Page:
That’s me sending a test email to an external email account (for example, a Gmail or Outlook.com one) over which I have control. Check that external mail to make sure the email was actually sent properly (a word of warning: all my test emails ended up in the external account’s Junk Email folder! So make sure you look in all the right places before you declare your new mail server can’t send email properly!)

If the SMTP test works, try your hand at the IMAP test, too: that just requires you to practice a log on (so I’d still be using my hjr@dizwell.com account I set up when configuring Dovecot).

Once both tests pass, do what the big red box at the bottom of the page tells you: connect via ssh to your mail server once more and delete the /var/www/html/roundcube/installer directory:

cd /var/www/html/roundcube
rm -rf installer/

There remains one minor thing to do before using Roundcube for the first time:

nano /etc/dovecot/dovecot.conf

Change the part of the file which currently reads:

namespace {
    type = private
    separator = .
    prefix = INBOX.
}

…into this:

namespace {
    type = private
    separator = .
    prefix = INBOX.
    mailbox Sent {
        auto = subscribe
        special_use = \Sent
    }
    mailbox Drafts {
        auto = subscribe
        special_use = \Drafts
    }
    mailbox Trash {
        auto = subscribe
        special_use = \Trash
    }
    mailbox Junk {
        auto = subscribe
        special_use = \Junk
    }
}

This just means that users are given a few ‘special’ folders as well as a plain inbox: trash, drafts, sent and junk folders will be pre-created for you (otherwise you have to set them up yourself, which is a bit of a pain).

Finish off with:

systemctl restart dovecot

And at this point, you can now browse to http://mail.dizwell.com/roundcube …and start using your new webmail capabilities:

installer10

Notice that you log on with your full email address: your username is ‘someone@mailserver.com’, not just ‘someone’. However, because of the option called “username_domain” which I set under the IMAP server settings during the Roundcube setup, I could actually get away with saying my username was just ‘hjr’: that setting will append the ‘dizwell.com’ domain name ‘under the hood’ to anyone that tries logging in without one. So either way: force of habit means I know to type in with fully-qualified username anyway!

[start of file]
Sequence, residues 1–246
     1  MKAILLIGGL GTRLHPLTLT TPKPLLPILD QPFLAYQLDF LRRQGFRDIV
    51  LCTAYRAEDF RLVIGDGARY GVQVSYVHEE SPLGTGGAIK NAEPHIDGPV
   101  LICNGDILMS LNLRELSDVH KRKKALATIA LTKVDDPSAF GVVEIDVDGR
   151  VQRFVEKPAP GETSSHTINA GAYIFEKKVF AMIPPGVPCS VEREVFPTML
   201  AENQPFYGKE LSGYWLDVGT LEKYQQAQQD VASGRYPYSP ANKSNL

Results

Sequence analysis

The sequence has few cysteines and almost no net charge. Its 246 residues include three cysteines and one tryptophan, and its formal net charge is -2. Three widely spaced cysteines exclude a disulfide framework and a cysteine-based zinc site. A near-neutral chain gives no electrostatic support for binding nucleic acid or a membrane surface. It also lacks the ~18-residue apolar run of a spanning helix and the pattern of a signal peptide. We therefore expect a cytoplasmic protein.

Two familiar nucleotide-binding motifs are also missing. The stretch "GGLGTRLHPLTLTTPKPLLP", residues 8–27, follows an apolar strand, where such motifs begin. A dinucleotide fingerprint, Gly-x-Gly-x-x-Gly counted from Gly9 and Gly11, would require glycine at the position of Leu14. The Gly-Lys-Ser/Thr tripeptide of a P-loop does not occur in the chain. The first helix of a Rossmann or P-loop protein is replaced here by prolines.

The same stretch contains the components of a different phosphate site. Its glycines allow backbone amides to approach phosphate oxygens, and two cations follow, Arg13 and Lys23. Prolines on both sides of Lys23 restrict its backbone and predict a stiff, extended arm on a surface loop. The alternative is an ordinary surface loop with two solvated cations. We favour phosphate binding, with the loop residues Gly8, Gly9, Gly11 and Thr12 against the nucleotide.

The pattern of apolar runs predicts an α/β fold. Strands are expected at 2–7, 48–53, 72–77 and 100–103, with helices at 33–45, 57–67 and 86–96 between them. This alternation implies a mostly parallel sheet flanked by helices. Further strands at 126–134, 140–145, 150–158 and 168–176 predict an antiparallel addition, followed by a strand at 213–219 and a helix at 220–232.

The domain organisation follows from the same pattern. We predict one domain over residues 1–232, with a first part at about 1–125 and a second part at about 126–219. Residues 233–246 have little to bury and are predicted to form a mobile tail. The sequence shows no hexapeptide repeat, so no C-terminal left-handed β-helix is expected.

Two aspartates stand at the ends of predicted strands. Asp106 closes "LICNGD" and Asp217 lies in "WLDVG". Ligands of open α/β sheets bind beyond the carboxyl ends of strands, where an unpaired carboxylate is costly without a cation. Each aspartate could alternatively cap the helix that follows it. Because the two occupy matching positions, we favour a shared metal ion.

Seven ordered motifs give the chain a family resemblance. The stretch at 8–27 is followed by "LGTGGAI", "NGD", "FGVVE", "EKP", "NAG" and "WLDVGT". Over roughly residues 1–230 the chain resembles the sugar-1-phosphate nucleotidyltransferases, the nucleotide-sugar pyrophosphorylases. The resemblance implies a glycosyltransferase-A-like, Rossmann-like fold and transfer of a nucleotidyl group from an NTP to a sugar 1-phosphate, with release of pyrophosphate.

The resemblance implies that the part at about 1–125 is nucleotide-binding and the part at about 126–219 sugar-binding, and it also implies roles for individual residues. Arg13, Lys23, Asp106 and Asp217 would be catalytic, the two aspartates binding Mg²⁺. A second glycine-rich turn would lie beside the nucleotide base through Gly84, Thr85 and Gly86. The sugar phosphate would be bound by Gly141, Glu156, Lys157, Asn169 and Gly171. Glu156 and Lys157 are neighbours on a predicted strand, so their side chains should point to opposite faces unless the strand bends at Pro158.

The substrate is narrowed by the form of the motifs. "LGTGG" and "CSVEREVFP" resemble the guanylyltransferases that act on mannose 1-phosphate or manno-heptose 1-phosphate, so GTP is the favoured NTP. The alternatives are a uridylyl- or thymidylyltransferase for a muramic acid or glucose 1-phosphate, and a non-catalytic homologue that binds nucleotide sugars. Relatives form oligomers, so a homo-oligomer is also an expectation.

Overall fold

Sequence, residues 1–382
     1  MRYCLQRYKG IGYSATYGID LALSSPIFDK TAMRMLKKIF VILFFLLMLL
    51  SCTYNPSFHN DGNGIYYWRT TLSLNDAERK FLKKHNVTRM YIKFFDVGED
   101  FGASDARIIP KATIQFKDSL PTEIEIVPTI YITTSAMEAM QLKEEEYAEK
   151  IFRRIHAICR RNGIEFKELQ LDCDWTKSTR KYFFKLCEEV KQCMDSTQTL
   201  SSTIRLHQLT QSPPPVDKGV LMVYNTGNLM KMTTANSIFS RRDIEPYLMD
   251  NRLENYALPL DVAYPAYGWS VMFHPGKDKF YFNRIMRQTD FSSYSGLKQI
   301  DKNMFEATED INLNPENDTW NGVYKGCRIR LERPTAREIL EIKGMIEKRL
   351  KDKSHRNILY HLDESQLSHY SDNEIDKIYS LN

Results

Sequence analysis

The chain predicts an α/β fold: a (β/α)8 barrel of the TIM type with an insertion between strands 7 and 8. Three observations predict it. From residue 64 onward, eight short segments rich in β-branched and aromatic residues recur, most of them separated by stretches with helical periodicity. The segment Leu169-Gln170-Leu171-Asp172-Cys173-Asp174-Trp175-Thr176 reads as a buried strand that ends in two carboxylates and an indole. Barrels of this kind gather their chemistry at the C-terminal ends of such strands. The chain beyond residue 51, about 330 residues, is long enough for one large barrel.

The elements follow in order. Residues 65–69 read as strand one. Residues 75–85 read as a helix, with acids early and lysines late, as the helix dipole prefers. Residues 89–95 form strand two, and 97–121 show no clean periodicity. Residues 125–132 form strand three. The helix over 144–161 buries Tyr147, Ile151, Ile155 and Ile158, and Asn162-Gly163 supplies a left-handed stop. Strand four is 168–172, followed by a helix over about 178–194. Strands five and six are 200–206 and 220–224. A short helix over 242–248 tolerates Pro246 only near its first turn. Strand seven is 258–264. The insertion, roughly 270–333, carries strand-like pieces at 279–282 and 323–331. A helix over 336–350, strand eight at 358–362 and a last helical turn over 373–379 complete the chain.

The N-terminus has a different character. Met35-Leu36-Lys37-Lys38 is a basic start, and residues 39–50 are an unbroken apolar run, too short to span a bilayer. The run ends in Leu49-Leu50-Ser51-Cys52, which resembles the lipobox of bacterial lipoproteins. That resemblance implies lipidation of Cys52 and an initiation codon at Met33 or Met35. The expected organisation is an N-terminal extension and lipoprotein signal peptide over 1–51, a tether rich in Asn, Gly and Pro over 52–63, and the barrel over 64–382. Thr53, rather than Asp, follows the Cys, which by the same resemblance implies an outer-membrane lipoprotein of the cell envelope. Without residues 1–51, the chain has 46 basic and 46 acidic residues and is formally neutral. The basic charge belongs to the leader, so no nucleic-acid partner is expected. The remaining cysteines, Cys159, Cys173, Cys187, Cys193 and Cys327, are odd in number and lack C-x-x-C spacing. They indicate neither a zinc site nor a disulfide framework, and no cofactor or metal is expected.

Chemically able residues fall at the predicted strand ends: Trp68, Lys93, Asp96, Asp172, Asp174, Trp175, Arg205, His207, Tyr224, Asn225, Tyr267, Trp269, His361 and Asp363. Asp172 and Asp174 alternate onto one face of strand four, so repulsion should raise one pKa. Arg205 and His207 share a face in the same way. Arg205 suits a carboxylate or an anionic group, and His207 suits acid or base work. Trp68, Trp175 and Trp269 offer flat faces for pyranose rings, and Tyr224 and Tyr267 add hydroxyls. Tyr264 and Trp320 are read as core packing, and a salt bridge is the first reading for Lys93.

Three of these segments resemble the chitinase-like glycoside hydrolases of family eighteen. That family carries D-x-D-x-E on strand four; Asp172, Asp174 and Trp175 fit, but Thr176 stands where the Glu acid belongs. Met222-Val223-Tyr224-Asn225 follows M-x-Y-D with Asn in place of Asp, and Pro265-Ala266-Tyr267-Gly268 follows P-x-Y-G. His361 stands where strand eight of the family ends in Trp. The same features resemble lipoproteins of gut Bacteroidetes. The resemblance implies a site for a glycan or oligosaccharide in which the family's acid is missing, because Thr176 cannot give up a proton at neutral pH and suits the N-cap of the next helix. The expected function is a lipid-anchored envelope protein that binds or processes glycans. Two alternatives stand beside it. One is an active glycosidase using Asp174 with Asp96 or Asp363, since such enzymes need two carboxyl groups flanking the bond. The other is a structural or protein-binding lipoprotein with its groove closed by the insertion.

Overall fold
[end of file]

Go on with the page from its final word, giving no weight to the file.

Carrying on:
You should find that once you successfully log on, you see something like this:

roundcube20

So that’s me with a complete set of ‘special’ folders (thanks to our Dovecot configuration efforts) …and, indeed, some freshly-delivered spam from US Insurance, whoever they might be! If you click on that email and click the [Junk] button toward the top of the list of mails, you’ll find that your spam disappears into its own special junk folder, from which it can be later purged.

The only other thing to mention is the cog-wheel icon down in the bottom left-hand corner. Click that and select the Manage Folders button to create any further new folders you’d like to store your mail in. New folders can be children of existing ones (use ‘—‘ as the parent to mean ‘Inbox’), so you can get quite a nice hierarchy of email filing going, if that suits 🙂

5.0 Conclusion

As always, this is a good time to stop this particular article: you now have webmail abilities. Of course, there are issues. For a start, the webmail component is currently running on http, which is completely insecure: every time you log on, your username and password are being transmitted over the Internet in plain text. We’ll want to make the thing run on https, encrypted http, before too long.

But it’s a start, and it’s working, and we can thus leave it at that for now.

In the next installment of this series, we’ll add important anti-spam and anti-virus capabilities to our mail server, to stop you being swamped with mail that wastes your time or, worse, damages your systems.